Kicking a guy when he’s down |

Kicking a guy when he’s down

Elizabeth Chicoine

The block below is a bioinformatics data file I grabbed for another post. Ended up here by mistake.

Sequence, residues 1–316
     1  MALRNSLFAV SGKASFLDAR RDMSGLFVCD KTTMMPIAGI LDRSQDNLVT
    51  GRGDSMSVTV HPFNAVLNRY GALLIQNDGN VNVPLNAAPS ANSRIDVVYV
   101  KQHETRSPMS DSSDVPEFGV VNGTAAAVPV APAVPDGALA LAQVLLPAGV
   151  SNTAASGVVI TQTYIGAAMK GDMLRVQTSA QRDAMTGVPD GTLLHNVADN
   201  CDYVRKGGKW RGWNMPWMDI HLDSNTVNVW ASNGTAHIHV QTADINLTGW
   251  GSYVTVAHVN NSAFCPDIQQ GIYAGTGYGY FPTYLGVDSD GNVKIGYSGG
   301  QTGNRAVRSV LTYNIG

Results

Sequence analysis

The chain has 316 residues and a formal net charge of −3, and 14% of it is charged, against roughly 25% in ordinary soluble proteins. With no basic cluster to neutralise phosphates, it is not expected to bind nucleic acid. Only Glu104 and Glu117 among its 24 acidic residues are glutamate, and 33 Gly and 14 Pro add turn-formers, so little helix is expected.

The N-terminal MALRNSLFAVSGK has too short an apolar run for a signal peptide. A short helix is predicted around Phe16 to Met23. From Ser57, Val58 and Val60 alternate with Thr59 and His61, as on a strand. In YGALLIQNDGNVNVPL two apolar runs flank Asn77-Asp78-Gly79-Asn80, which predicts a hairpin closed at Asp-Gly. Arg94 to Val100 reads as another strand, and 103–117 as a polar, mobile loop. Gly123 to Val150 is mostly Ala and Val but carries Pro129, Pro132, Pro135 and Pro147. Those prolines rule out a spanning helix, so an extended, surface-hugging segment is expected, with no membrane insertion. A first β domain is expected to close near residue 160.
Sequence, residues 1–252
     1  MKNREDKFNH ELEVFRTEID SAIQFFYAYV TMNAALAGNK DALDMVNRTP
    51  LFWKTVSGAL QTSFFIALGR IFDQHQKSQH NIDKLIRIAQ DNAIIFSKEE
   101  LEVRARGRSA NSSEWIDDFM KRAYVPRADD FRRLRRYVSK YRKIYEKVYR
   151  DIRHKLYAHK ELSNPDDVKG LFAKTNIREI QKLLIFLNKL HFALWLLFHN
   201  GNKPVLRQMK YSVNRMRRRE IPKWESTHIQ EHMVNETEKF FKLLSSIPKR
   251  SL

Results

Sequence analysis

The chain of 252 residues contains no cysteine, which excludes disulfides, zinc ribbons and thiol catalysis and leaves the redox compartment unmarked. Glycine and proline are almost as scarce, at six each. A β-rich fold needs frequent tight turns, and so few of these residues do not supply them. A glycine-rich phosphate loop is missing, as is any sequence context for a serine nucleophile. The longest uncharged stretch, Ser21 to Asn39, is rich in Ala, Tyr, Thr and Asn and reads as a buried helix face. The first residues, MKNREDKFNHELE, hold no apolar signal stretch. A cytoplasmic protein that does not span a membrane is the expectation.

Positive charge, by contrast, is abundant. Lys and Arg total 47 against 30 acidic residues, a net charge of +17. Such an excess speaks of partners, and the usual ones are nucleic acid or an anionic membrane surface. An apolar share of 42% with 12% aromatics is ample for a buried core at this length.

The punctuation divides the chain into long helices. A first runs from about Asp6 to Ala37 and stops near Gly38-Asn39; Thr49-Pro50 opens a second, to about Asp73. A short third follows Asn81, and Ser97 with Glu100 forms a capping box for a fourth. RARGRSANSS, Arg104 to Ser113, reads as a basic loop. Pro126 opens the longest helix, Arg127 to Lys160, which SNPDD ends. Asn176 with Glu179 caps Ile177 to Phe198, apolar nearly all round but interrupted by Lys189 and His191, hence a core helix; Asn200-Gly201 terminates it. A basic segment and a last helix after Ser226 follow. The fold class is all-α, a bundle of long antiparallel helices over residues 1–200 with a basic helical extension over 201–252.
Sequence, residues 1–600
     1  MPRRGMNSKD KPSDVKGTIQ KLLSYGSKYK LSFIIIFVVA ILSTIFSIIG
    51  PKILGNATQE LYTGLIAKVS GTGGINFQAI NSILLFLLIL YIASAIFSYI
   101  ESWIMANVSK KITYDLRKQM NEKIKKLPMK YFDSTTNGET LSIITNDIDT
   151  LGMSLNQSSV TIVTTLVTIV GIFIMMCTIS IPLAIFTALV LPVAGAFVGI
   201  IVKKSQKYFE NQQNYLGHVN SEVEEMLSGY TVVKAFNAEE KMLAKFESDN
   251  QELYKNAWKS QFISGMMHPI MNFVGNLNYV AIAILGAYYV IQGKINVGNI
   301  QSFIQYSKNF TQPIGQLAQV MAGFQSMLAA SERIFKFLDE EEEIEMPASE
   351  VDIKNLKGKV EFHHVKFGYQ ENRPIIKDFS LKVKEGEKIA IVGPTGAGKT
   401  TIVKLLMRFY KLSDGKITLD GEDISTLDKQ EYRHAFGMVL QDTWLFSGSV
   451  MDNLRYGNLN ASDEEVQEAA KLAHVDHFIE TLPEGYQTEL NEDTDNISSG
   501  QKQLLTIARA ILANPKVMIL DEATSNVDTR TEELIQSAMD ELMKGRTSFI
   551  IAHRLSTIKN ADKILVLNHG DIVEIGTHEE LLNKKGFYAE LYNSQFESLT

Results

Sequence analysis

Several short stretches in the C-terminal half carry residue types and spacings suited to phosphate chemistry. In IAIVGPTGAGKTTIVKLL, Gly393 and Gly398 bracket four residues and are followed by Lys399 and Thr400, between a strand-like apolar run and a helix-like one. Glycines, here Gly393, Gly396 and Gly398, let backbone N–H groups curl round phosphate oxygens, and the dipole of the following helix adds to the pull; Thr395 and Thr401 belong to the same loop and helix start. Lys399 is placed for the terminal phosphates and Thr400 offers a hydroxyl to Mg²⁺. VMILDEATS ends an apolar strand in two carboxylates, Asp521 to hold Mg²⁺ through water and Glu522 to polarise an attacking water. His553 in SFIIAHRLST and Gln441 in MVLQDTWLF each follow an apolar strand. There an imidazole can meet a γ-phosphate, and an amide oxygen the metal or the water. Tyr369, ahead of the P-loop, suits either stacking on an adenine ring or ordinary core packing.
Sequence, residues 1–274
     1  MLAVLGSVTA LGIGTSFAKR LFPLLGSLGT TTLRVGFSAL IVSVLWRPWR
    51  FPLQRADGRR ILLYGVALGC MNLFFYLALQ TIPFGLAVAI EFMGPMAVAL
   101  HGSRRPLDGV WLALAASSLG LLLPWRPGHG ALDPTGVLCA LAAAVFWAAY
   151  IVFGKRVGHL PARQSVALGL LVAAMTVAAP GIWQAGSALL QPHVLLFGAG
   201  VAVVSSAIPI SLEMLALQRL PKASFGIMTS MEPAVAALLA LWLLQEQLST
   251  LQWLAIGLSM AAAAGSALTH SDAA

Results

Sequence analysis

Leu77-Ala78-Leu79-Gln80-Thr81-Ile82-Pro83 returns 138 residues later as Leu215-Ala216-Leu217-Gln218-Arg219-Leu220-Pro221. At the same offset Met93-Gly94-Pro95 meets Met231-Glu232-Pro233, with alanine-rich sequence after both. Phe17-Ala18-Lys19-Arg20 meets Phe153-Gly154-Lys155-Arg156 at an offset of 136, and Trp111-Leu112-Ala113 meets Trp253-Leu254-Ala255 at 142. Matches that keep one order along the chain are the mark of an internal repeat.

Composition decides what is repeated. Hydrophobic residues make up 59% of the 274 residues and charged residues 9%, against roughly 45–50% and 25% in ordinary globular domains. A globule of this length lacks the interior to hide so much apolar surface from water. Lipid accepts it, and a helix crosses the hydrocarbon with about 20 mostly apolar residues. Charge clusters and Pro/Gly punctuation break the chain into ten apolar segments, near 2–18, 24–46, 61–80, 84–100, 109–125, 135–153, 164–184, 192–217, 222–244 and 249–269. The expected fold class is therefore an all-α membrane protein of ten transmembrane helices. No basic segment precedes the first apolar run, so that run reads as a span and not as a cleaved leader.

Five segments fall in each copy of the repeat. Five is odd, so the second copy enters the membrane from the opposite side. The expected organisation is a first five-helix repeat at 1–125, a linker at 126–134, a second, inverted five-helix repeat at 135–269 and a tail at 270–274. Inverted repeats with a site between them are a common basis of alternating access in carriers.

As luck would have it, I was the fourth caller when TV8 was giving away the DVD “Flying Downhill,” Bode Miller’s story. I never call in for giveaways, but for some fluke of chance, I phoned in that day. And as fate would have it, I’m glad I did. I like Bode. Our kids like Bode. His story is the essence of the sport. The very interview that got him into such trouble on “60 Minutes” last week quoted, “In a sport that people do for love, not money, Bode Miller has become a multi-millionaire, which he says is a big problem.”Boy, was Bode on the mark in this same “60 Minutes” interview when speaking about the negative impacts of becoming a multi-millionaire. (But then, of course, how would I know?) “That process is about as unhealthy as anything else I can think of,” he said. Has being the multi-millionaire in this exclusive club made him hot, and therefore an easy icon to love one moment and detest the next? Has Bode met all criteria of the fickle American populace?Poor Bode, I think yes. You are still our hero. And I will proudly cheer for you in the Olympics. And so will my 5- and 7-year old kids.That DVD, “Flying Downhill,” has been playing constantly in our home since we won it. Perhaps the joy of “winning” in a giveaway has something to do with it. But the content was riveting, too. Bode has become iconic to my children. As I write tonight, I am haunted with the memories of Jean Claude Killy posters plastered on every inch of my brothers’ room in the 1970s. He was their hero, and I am watching history replay itself in the life of my similar-aged kids. Add a DVD to the mix, and I wonder if I would have seen much of my two older brothers. Their eyes would have been constantly fixated on the screen, watching and learning about their hero, Killy. Thankfully, I can just turn off the car and the player quits. Back to life-on-level-ground kids, Bode’s “off” for some time now, so let’s hop out of the van. That’s how mesmerizing Bode’s epic rise is to my kids. So no wonder my son grew pale when he heard in the background that Bode is in trouble while the news was on in our kitchen tonight.Say it ain’t so, Mom! His eyes widened. “Mom, what did Bode do wrong?” Out of the mouths of babes. I sighed. Well, in my opinion, he got caught off-guard in a statement to the news. He said a word, “wasted,” and perhaps didn’t mean it as it was understood by the news. My son cocked his head and said, “Can’t his coach help him find the right word?””Well, it’s too late, son. It’s all over the world that he talked about using alcohol and skiing a race afterward.” “Will he go to jail?””No, no. I don’t even understand it enough to explain it well, son. Only Bode knows what he intended to say, and now he just had to apologize to all of his fans like you who love and believe in him.””But I don’t want him to say he’s sorry if he didn’t do it, or mean it that way, or you know, Mom.”So there you have it, Bode. One diehard 7-year-old skier in Vail, Colorado, says you’re still his hero, no apology required, or in his opinion, even necessary.I agree with him. The innocence of youth should touch all of our hearts and minds. Adults, news reporters especially, tend to take words at face value. We call a spade a spade. But can my 7-year-old’s remarks enlighten us all to loosen up a bit? It’s tough to be on top. He even admitted that in the same “60 Minutes” interview that got him into such hot water. When speaking about drug testing, he said, “It’s like you’re guilty until proven innocent.”I read Bode’s apology. He explained that skiing drunk isn’t what he is about. You can believe him or not. I’m with my son on this one. Go on-line to and check out Bode’s DVD. Perhaps you will learn more about this dude who’s put skiing back into everyday sports vernacular. No doubt, Bode will keep testing, pushing his and everyone else’s limits. The Associated Press reported that the day after his apology, “Bode Miller hit the trifecta: an apology, a disqualification, an absence.”He even completed his run because he contends he didn’t miss the gate. Being a no-show for the ceremony wasn’t cool, but enough is enough with Bode sometimes. The guy has guts. And as World Cup race director Guenther Hujara said, “It just never stops with him.”Don’t stop, Bode. And when you’re in Vail next time, send me an e-mail. I have some young fans who would like to fly downhill with you. I’ll buy you lunch and a soda pop. (Better skip the beer, we might be front-page news, “Kids watching Bode drink, mom buys the beer for Bode.” Yikes!)Elizabeth H. Chicoine of Eagle writes a weekly column for the Daily. She can be reached at Vail, Colorado

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